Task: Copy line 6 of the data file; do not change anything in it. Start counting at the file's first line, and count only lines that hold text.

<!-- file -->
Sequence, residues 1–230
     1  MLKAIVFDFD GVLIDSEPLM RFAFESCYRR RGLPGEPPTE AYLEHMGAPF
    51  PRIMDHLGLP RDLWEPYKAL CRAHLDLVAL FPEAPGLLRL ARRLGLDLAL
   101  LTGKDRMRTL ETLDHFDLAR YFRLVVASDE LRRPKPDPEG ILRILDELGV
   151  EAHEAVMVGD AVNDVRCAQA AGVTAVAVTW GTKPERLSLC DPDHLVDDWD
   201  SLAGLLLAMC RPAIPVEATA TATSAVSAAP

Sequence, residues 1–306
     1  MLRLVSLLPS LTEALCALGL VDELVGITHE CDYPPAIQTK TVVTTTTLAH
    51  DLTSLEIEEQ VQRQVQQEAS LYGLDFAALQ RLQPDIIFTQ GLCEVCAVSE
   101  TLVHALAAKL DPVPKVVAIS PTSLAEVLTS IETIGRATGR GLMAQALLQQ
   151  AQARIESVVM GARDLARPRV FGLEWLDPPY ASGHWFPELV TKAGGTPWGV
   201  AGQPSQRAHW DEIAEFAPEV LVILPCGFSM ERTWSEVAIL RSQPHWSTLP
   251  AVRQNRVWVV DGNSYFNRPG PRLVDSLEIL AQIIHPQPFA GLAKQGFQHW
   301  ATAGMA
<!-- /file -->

   201  SLAGLLLAMC RPAIPVEATA TATSAVSAAP